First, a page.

Matheson and Baade found that the steps toward recovery are relatively clear after natural disasters: Communities tend to join together to build shelters, clean up, and storm-proof structures against future events. After rioting, by contrast, it’s much harder rebuild confidence and community trust among frightened business owners, or to convince new employers to move in. “It’s not as simple to just stamp out violence and anger,” Matheson says. And reluctance to rebuild is dangerous because it is self-perpetuating, he adds.

Concerns about lasting damage to business-owner confidence similarly followed riots in London in 2011 (also triggered by a police shooting), and economic aftershocks are still felt today, despite the commitment of more than $116 million in riot-recovery funding.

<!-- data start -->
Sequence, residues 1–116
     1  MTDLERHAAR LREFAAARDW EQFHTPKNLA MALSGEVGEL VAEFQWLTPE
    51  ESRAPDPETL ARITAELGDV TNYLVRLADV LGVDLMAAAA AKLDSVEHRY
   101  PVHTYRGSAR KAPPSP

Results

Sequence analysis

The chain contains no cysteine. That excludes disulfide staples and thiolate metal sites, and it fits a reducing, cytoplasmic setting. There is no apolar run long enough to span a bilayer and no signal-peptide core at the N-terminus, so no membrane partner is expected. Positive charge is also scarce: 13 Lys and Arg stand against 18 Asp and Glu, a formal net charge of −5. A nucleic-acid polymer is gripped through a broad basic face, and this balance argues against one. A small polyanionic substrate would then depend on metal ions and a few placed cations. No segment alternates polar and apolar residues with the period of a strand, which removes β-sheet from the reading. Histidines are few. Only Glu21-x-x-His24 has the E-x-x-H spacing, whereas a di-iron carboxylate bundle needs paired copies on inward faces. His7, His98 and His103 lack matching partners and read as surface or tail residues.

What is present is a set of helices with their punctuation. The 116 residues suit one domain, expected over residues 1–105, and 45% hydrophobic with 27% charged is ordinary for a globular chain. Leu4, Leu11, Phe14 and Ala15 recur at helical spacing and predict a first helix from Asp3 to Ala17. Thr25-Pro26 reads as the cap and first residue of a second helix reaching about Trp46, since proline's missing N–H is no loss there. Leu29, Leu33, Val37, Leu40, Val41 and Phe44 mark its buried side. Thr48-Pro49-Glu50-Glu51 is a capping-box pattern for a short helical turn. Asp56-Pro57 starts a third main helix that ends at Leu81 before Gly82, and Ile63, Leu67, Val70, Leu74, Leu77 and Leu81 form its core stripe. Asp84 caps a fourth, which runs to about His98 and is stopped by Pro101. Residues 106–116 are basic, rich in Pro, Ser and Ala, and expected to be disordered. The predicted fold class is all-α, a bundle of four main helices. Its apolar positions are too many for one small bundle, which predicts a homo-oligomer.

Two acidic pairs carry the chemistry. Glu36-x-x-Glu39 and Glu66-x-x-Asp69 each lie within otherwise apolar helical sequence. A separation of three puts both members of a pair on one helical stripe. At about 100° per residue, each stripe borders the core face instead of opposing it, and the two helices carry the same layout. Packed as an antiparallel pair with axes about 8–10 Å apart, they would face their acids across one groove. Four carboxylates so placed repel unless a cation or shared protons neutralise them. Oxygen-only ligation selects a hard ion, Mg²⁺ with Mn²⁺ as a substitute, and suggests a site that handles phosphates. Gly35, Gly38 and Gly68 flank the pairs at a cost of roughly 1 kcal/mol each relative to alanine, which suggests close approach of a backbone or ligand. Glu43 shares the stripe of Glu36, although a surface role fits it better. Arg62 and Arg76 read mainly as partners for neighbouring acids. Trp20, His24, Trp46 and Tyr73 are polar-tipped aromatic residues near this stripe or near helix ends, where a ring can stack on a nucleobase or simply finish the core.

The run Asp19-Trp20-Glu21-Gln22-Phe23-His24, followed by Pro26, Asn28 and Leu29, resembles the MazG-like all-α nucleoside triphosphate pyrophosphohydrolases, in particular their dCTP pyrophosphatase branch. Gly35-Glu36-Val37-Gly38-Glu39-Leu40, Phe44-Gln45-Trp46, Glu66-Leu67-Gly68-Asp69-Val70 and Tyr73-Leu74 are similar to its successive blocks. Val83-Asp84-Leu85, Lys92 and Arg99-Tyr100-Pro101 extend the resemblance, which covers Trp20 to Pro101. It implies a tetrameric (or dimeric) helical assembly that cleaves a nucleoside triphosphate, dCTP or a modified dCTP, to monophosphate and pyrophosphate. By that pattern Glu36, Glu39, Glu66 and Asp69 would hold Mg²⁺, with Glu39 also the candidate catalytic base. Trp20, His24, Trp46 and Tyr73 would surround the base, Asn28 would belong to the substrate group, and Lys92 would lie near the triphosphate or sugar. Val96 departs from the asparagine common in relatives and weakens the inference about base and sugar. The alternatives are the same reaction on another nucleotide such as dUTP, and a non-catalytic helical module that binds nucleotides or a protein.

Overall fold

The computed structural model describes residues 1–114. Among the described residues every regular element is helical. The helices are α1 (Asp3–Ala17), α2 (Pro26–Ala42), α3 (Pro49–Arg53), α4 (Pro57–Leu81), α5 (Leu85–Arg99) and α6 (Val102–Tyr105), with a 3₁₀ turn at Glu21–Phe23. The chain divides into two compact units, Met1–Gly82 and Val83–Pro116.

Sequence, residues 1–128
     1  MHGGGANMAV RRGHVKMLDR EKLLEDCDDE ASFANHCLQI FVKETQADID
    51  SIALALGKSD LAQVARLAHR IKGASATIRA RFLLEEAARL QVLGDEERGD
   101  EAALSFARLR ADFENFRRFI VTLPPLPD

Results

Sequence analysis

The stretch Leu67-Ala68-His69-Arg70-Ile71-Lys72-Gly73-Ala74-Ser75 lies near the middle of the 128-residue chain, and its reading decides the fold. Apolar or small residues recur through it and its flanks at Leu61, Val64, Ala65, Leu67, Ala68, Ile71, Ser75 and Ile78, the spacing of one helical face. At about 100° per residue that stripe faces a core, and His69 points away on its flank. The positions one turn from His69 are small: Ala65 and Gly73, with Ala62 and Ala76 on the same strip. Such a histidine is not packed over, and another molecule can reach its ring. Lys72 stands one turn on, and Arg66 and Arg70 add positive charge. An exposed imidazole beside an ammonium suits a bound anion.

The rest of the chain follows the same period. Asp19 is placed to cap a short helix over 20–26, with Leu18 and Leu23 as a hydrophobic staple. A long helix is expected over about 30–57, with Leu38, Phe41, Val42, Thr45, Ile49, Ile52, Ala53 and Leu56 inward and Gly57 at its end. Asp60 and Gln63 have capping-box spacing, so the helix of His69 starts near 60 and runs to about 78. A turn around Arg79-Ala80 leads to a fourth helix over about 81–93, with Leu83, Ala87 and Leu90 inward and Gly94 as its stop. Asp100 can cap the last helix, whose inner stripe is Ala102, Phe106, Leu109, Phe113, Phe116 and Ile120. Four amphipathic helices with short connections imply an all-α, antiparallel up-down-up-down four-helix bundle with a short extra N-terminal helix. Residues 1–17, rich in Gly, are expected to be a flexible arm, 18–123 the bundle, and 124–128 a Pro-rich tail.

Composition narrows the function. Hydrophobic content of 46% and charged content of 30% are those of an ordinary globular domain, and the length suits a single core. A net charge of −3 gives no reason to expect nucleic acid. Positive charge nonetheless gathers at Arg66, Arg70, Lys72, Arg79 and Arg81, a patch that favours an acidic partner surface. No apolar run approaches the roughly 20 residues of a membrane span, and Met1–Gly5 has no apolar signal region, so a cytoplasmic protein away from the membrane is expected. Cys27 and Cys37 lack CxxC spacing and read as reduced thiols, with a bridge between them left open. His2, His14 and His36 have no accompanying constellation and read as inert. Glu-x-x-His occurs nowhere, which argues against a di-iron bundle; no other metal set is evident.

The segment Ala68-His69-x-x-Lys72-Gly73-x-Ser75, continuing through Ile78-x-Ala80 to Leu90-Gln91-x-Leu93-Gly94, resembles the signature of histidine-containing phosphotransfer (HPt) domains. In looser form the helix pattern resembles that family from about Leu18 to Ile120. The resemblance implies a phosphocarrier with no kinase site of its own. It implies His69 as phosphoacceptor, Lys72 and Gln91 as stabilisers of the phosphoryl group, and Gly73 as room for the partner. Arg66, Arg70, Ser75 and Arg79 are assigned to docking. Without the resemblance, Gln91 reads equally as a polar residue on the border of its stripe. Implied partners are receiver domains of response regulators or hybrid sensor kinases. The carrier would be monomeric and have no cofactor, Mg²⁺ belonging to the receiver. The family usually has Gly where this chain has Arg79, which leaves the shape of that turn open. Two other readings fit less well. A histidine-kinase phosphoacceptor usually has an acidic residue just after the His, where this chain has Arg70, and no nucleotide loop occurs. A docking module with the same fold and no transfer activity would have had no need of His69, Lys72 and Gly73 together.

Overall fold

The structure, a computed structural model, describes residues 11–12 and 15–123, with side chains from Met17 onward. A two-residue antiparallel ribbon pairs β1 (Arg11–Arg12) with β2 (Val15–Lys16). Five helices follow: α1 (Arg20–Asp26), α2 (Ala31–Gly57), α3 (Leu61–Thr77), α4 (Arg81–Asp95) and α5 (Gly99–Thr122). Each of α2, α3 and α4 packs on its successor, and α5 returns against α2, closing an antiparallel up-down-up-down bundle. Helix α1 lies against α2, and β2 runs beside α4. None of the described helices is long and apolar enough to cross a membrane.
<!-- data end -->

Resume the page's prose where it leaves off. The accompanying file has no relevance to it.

While there are no easy fixes that will keep Ferguson from suffering a similar fate, quelling anger is a first step. Various experts and commentators have suggested policy changes that could help rebuild trust in the police department, including a consent decree like the one that eventually helped the LAPD improve relations with residents of L.A.

No matter what path Ferguson takes, says Matheson, the sooner the violence ends, the faster the local economy can begin to heal.

 

MONEY holiday travel

5 Strategies for Surviving the Coming Thanksgiving Travel Nightmare

Travelers make their way through security lines at Denver International Airport, November 27, 2013.
RJ Sangosti—Denver Post via Getty Images

With storms threatening to put your holiday travel plans on ice, don't head to the airport unprepared. Instead, go on the defensive with these moves.

Planning to fly home for Turkey Day on Wednesday? With weather reports for Thanksgiving travel looking, well, less than ideal, smart travelers should prepare for a rough day at the airport. These tips will help you get to your destination as quickly as possible, sanity intact.